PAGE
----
The infamous Glenn Reynolds (aka InstaPundit) has struck again. Is he InstaIgnorance (as Brian Leiter insists) or does he have a point? Here's a shortened version of a reaction to Reynolds' Fox News article on international law and whether international law is being harmed by obtuse rhetoric or is an all purpose tool of Anti-Americanism in 2002. Sadly, my correspondent wishes to remain anonymous. So for our purposes, we will call him Anonyman. To save space, some messages are combined.
[The Fox piece] is half-baked ignorance.
Well...he's not an international law guy...and honestly, don't you think he just articulated what a LOT of people are thinking but not saying?
As a constitutional lawyer he should appreciate that law should not follow the whim of the most powerful, that it's a restraint of power etc. I admit that Amnesty and Mary Robinson (most boring woman i've ever seen) are annoying, and diverting, and it's like having the one-legged kid at school being your football squad star, but it's a pretty big leap from 'international law may be weakened because it's got an image crisis becasue of advocates who don't know what they're talking about', to 'international law is a body of rules that serve the interests of civilized nations, and you're trying to turn it into an all-purpose tool of anti-Americanism'. Point one: international law is not there to 'serve the interests of civilized nations'. (Civilized nations, are you joking!? That's colonial talk, which international law jettisoned half a century ago!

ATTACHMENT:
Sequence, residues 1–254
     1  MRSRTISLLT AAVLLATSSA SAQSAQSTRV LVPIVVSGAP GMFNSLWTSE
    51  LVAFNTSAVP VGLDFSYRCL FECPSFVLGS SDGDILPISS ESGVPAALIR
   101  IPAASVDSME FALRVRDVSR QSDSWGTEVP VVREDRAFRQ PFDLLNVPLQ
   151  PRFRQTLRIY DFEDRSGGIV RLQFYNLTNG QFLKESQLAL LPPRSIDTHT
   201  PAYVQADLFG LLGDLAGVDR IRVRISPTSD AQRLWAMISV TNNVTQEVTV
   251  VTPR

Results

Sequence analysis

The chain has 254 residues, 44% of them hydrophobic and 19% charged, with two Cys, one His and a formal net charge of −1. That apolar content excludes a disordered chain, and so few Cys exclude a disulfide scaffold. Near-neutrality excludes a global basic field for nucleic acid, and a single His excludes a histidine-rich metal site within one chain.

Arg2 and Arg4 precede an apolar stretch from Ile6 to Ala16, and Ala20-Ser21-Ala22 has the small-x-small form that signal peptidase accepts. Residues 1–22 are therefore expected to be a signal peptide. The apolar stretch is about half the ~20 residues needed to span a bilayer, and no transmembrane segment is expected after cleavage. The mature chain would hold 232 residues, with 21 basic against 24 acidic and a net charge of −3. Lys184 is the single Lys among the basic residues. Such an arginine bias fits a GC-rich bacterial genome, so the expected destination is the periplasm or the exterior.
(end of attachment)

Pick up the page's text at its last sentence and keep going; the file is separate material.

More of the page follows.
The ICJ statute referral to general principles recognised by civilised nations is a curiosity of its time, and longer effective.)
I see your point, but I think that your tirade is aimed at the uninteresting portion of the piece. Civilized nations, uncivilized nations...I agree with you. But I think the interesting (and as of yet unaddressed point) is this: "the overuse of international-law rhetoric may be damaging international law itself." Since international law is, by nature, a bit amorphous, when organizations and nations speak on international law and say doltish things, they can't help but weaken the body of law itself. As far as it being a tool of anti-Americanism, I agree only in the sense that it is natural and observed historically over and over, that those that benefit most from international law (and its principles) use it most (a la the U.S. in the late 18th century and early 19th century), while those constrained by it use it least.